While companies around the world leave the impression that they have figured out how to protect their most critical computer networks, many really haven't. Just last month, oil pipeline operator Colonial Pipeline revealed that it had opted to pay hackers a $4.4 million ransom to regain control of its infrastructure. And this past week, major meat company JBS learned it, too, had been hacked.

These are just two recent examples of cybersecurity failures that got some public attention. It is believed that many more hacking attempts (successful or not) go unreported. Check Point Software Technologies now counts a weekly average of around 1,000 ransomware attacks alone directed at U.S organizations. That's an attack roughly every 10 minutes.   

The ultimate cost of all this hacking? Cybersecurity Ventures currently pegs the annual figure at around $6 trillion, though further estimates that the ransomware "business" will be worth $10.5 trillion by 2025.

The need for cybersecurity has never been greater and that presents a long-term opportunity for companies with the knowledge to combat it. Here's a closer look at three cybersecurity companies tapping into this megatrend.

Man using a tablet digitally-defended from hackers and ransomware.

Image source: Getty Images.

1. Palo Alto Networks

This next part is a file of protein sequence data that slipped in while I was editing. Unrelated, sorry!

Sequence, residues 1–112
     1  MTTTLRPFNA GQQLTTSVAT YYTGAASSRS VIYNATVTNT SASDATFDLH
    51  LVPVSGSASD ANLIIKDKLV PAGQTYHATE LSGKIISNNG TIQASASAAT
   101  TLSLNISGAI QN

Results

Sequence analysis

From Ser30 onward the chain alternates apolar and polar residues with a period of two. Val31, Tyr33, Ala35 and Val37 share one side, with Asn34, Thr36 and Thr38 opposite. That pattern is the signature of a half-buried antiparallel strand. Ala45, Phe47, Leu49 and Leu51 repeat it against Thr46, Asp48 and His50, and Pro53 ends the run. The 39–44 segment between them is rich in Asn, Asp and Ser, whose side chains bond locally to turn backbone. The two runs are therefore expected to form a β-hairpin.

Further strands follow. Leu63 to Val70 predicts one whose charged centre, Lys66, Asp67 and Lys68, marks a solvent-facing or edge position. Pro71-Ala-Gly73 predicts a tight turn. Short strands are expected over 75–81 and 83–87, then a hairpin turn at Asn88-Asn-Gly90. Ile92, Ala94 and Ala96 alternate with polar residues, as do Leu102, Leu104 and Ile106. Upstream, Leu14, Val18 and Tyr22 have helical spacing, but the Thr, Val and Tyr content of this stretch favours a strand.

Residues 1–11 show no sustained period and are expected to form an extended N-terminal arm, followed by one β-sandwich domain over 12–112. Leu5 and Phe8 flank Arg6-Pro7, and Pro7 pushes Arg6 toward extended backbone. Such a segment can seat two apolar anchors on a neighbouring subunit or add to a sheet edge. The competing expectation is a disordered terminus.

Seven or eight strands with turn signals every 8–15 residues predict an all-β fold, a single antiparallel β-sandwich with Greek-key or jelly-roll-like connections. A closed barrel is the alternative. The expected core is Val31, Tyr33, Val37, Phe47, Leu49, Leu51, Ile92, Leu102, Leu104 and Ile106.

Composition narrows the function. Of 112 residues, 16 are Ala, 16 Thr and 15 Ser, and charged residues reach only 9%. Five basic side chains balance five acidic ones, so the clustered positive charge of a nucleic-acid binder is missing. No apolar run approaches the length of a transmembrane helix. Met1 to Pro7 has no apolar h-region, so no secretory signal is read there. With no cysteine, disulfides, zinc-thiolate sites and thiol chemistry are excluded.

If an organization needs any of a number of different cybersecurity services, Palo Alto Networks (PANW 0.34%) probably offers it. From firewalls to cloud security to threat detection to remote-worker connectivity, this software company can do it all. It's even got a ransomware attack-response division explicitly meant to deal with the sort of debacle Colonial Pipeline just went through.

You won't buy its stock cheap. The stock's presently trading at nearly 60 times this year's projected profits, and almost 50 times next year's likely per-share earnings.

Fairly steep valuations aren't exactly new for this name, however, and they've typically been worth the risk. That's because double-digit percentage revenue growth is also the norm here, and this year or next isn't expected to be any different. Analysts are collectively calling for top-line growth of 23% for 2021, followed by 18% growth in 2022.

2. CrowdStrike Holdings

With nothing more than a quick glance, CrowdStrike Holdings (CRWD 2.03%) looks a whole lot like Palo Alto. And in most regards, it is. There's one big differentiation, though. That is, CrowdStrike's cybersecurity software is cloud-native. That's the fancy way of saying the company's flagship platform, called Falcon, isn't software installed into a server or a centralized computer, but rather is managed via an interface that's constantly connected with CrowdStrike itself. That way this software-as-a-service cybersecurity defense is always up to date.